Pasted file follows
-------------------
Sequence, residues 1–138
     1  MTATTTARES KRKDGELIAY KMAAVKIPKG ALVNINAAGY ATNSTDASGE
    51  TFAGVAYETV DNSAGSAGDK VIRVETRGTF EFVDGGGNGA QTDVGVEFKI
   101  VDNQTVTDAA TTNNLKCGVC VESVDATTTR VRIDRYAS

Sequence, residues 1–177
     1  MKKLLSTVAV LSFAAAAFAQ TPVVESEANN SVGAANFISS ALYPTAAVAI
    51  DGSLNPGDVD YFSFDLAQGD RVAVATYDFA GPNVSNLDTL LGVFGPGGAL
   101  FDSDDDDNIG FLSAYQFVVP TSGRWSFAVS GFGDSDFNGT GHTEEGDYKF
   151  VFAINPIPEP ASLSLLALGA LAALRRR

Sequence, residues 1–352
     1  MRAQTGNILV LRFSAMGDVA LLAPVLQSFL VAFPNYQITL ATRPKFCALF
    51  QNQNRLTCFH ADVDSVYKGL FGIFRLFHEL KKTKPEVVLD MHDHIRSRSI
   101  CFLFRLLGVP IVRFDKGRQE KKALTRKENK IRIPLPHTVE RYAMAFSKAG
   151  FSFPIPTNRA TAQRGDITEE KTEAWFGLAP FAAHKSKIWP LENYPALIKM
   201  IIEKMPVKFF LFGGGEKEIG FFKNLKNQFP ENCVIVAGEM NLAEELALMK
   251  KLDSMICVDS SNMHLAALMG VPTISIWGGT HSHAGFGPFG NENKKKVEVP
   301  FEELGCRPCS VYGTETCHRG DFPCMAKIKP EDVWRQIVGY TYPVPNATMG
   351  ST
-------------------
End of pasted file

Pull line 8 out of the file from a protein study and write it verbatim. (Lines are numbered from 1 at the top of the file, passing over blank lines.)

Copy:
   101  FDSDDDDNIG FLSAYQFVVP TSGRWSFAVS GFGDSDFNGT GHTEEGDYKF